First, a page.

MUMBAI - Shares in India's largest vehicle maker, Tata Motors Ltd, have more than quadrupled this year riding a pick-up in sales on the back of a recovering economy.

The rally, which has made the stock the top performer in a benchmark BSE index up more than three-quarters in 2009, was also powered by turnaround in the company's UK-based marquee brands Jaguar Land Rover (JLR).

Thomson Reuters data showed that of 20 brokerages covering the stock, 12 have a buy or outperform rating, five have hold and 13 have a sell or underperform recommendation.


Shares in Tata Motors, which has a market value of $8 billion, trades at roughly 22 times its 2010/11 earnings, data from Thomson Reuters showed.

This makes the stock expensive, compared with its peers Mahindra & Mahindra and Maruti Suzuki that are quoted at 15.5-17.5 times FY 11 earnings.

The high valuations are justified. The company is on a recovery path after a critical period, said K.K. Mital, who manages around $10 million as head of portfolio management services at Globe Capital.

He said he would buy the stock at this point for his clients.

Tata Motors, whose mainstay is trucks, posted an 81 percent annual jump in sales of commercial vehicles in November, indicating fleet owners were on a spending spree as the economy picks up momentum.

Asia's third-largest economy expanded 7.9 percent in the September quarter, the fastest pace in 18 months, as government stimulus measures began bearing fruit.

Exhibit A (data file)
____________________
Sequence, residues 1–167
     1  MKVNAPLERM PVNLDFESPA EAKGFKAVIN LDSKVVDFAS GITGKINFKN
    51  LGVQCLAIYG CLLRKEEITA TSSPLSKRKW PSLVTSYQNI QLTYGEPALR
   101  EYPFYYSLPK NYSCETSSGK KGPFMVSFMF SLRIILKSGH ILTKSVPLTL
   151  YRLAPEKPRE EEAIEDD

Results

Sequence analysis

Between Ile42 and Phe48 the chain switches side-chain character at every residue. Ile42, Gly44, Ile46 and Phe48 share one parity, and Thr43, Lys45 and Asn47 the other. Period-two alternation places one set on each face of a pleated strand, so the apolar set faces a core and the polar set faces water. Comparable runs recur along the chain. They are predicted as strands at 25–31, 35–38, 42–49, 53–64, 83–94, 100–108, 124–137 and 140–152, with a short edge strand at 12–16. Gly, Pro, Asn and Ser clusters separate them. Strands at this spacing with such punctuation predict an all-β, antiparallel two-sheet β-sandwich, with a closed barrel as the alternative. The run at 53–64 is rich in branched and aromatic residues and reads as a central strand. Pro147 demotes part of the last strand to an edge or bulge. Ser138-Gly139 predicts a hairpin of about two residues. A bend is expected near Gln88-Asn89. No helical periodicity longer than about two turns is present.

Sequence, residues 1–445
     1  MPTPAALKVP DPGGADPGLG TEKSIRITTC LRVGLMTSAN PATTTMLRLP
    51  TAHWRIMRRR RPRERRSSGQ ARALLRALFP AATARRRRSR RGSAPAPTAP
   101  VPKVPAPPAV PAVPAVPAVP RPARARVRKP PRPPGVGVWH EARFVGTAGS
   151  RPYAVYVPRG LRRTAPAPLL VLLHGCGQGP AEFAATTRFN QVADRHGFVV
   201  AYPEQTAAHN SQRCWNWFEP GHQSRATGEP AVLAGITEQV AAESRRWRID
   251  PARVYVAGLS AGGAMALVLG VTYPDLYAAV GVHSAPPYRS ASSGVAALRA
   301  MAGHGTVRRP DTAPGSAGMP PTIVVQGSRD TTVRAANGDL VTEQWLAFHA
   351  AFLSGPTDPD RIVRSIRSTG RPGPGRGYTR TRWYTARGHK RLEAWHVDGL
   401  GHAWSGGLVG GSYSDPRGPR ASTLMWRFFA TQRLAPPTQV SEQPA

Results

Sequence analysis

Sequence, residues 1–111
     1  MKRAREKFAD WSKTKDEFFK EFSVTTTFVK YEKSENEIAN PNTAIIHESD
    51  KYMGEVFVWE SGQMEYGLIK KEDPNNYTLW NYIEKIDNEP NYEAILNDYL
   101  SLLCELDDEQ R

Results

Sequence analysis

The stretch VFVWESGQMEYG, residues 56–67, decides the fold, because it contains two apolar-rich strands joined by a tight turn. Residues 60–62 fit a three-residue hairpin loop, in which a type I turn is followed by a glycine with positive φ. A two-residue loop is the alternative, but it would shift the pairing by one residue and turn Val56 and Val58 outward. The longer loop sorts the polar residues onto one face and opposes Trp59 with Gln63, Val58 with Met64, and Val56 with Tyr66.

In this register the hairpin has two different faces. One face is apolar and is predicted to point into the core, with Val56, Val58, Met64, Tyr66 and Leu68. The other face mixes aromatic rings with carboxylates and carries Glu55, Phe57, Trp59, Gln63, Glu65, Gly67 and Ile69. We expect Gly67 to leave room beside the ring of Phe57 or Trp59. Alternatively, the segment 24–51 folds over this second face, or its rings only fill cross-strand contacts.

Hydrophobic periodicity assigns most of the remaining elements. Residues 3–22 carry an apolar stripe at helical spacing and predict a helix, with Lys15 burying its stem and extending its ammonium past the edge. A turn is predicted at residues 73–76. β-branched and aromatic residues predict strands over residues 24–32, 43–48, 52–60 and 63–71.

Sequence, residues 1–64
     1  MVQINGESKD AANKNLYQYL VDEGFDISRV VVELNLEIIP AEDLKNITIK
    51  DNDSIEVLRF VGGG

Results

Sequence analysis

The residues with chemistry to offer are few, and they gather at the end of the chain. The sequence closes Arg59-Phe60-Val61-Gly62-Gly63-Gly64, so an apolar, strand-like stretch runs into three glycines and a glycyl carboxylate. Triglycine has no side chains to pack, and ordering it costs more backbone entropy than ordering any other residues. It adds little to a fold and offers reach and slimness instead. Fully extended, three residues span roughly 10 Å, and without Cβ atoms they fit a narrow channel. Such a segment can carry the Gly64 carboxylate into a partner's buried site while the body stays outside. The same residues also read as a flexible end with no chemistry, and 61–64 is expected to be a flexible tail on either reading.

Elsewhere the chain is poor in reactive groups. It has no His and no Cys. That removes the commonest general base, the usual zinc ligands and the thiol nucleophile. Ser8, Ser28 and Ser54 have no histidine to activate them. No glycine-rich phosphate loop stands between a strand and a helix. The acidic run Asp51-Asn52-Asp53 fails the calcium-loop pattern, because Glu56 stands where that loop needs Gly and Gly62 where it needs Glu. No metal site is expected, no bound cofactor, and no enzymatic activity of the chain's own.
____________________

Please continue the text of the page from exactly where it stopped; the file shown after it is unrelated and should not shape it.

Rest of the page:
Tata Motors, which also produces cars from the premium JLR to Nano, the world's cheapest, got a boost after the Britain-based JLR unit returned to operating profit in the September quarter.

Supriya Khedkar, an analyst at ICICI Securities, said JLR's better performance and the company paying off the high-cost debt it had taken to acquire the unit were positives for the stock.

The domestic market is also reviving, especially the commercial vehicles segment and that is very important for the company going forward, she said, adding the brokerage had a buy on the stock.

Tata Motors closed at 723.60 rupees on Tuesday, up from 158 rupees at the start of the year.


Several analysts have downgraded the stock after its stellar run, which has seen it rise by a quarter in the past month alone.

There is a sense of risk in this stock. It is uncertain whether it will be able to sustain its rate of profit growth, said Rakesh Rawal, head of private wealth management at Anand Rathi Financial Services.

He said it was time to take profits and he advised clients to avoid the stock for now.

Tata Motors had said in October rising raw material costs would put its margins under pressure.

I think we are playing too much on the future positives of JLR, which have to be justified by the numbers, Ajay Parmar, head of institutional equities at Emkay Global, said.

The price has run up too fast on that basis. Let us see the numbers first, said Parmar.

Certainly on the domestic side the commercial vehicles business is doing very well but with JLR their whole business composition has changed. It is too expensive at these levels.

The put-to-call ratio on Tata Motor's U.S. ADRs has fallen sharply over the past couple of months, from a peak above 0.75 in October to below 0.50 currently. A low put-to-call ratio indicates market sentiment on a stock is bullish and is often used as a contrarian signal to sell. (Editing by Ranjit Gangadharan and Lincoln Feast)